David Miles's picture
Affiliation: 
Imperial College
Credentials: 
Professor of economics

Voting history

Wages and economic recoveries

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Question 1: Do you agree that lower real wage growth was beneficial for employment levels during the Great Recession?

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Answer:
Agree
Confidence level:
Not confident
Comment:
Employment levels have probably been helped by lower real wages - productivity has almost certainly been lower. Welfare might have been higher with somewhat higher real wages even if that meant somewhat lower employment - that depends on by how much labour productivity would have been boosted by greater incentives to improve output per worker hour.

Happiness and well-being as objectives of macro policy

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Question 2: Do you agree that quantitative well-being analysis should play an important role in guiding policy makers in determining macroeconomic policies?

 
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Answer:
Agree
Confidence level:
Not confident
Comment:
Knowing how much misery is caused by involuntary unemployment is surely relevant to a range of government (and perhaps central bank) policies and direct questions on well-being seem likely to be an important source of information on this.

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Question 1: Do you agree that subjective well-being measures, or at least some of the subindices from the typical survey measures, are now reliable enough to give useful insights when used in macroeconomic empirical analysis?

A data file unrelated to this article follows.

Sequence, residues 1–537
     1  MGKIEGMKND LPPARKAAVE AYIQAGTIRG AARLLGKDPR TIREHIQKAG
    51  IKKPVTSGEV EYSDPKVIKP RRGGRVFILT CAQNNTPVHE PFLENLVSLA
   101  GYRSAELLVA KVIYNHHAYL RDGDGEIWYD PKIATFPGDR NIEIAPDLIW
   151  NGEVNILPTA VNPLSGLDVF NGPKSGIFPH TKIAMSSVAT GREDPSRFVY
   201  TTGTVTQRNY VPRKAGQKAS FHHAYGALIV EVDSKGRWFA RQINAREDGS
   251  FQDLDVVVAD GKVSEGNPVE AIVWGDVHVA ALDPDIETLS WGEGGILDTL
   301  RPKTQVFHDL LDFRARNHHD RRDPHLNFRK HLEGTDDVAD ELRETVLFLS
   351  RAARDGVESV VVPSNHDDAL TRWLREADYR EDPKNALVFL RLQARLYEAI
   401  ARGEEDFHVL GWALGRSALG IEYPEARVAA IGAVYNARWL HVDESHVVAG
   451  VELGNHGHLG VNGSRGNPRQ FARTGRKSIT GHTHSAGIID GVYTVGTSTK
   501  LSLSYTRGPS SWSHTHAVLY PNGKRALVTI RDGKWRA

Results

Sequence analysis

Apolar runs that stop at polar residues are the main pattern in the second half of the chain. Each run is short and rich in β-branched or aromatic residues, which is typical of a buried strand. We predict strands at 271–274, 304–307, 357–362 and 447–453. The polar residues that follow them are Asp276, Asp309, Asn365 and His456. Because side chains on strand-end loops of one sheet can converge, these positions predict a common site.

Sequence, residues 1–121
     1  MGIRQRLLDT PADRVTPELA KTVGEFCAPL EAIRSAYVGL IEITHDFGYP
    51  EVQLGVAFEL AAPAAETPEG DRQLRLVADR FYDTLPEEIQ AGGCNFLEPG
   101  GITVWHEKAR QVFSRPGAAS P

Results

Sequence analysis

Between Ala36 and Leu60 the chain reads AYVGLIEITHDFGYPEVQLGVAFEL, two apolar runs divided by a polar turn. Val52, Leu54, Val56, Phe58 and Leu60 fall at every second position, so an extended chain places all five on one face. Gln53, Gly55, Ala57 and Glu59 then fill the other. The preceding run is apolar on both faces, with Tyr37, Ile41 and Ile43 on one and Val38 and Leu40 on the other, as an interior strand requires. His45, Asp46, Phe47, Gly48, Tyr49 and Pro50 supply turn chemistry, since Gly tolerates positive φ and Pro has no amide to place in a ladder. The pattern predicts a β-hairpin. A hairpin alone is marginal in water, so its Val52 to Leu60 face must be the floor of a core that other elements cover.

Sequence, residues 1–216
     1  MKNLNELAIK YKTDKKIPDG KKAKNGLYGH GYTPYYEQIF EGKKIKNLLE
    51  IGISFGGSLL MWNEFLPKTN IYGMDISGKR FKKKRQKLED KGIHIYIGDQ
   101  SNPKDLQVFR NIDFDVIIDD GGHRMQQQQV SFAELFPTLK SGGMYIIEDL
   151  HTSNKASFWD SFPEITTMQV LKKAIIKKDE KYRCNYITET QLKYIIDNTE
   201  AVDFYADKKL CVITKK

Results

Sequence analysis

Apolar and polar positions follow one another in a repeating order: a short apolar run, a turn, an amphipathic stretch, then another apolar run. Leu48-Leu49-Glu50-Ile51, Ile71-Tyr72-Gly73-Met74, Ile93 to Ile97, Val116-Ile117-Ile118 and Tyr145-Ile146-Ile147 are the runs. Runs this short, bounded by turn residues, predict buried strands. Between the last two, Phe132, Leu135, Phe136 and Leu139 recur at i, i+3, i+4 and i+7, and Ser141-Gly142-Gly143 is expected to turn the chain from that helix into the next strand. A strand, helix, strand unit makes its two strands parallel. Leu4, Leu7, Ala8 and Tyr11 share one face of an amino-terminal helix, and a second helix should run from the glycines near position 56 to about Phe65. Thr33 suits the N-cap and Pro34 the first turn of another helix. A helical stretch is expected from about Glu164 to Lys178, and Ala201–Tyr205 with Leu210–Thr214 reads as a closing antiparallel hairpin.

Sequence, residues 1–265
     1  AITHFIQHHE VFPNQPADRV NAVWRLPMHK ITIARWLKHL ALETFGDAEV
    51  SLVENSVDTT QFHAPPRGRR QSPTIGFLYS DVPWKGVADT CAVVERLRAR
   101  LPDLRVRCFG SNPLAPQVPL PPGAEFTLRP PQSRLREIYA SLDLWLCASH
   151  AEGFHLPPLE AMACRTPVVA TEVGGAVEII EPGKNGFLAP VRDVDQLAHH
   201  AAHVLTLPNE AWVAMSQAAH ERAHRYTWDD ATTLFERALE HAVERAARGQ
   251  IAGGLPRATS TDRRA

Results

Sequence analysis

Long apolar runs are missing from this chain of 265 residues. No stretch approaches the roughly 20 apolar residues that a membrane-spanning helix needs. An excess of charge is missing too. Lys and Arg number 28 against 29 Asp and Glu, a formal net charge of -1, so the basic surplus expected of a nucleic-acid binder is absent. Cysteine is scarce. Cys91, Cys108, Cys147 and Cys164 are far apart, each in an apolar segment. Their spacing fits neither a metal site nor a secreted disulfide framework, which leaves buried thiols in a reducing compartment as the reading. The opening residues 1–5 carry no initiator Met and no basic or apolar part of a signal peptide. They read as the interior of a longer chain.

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Answer:
Agree
Confidence level:
Not confident

A “new” UK industrial strategy ?

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Question 2: Do you agree that the UK needs a new regional policy?

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Answer:
Disagree
Confidence level:
Confident
Comment:
Devolution of some tax setting and spending decisions makes sense. But I do not think one should call this regional policy and if we exclude it then I am doubtful that something called a "new regional policy" will be very successful.

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Question 1: Do you agree that the UK needs a new industrial policy?

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Answer:
Disagree
Confidence level:
Confident
Comment:
The UK has a woeful history of government initiatives on industrial policy. While there are good economic reasons to think that externalities and missing markets can, in theory, create a role for efficiency enhancing "industrial policy", there is a lot of empirical evidence that in the UK there is not the institutional capability to deliver any gains.

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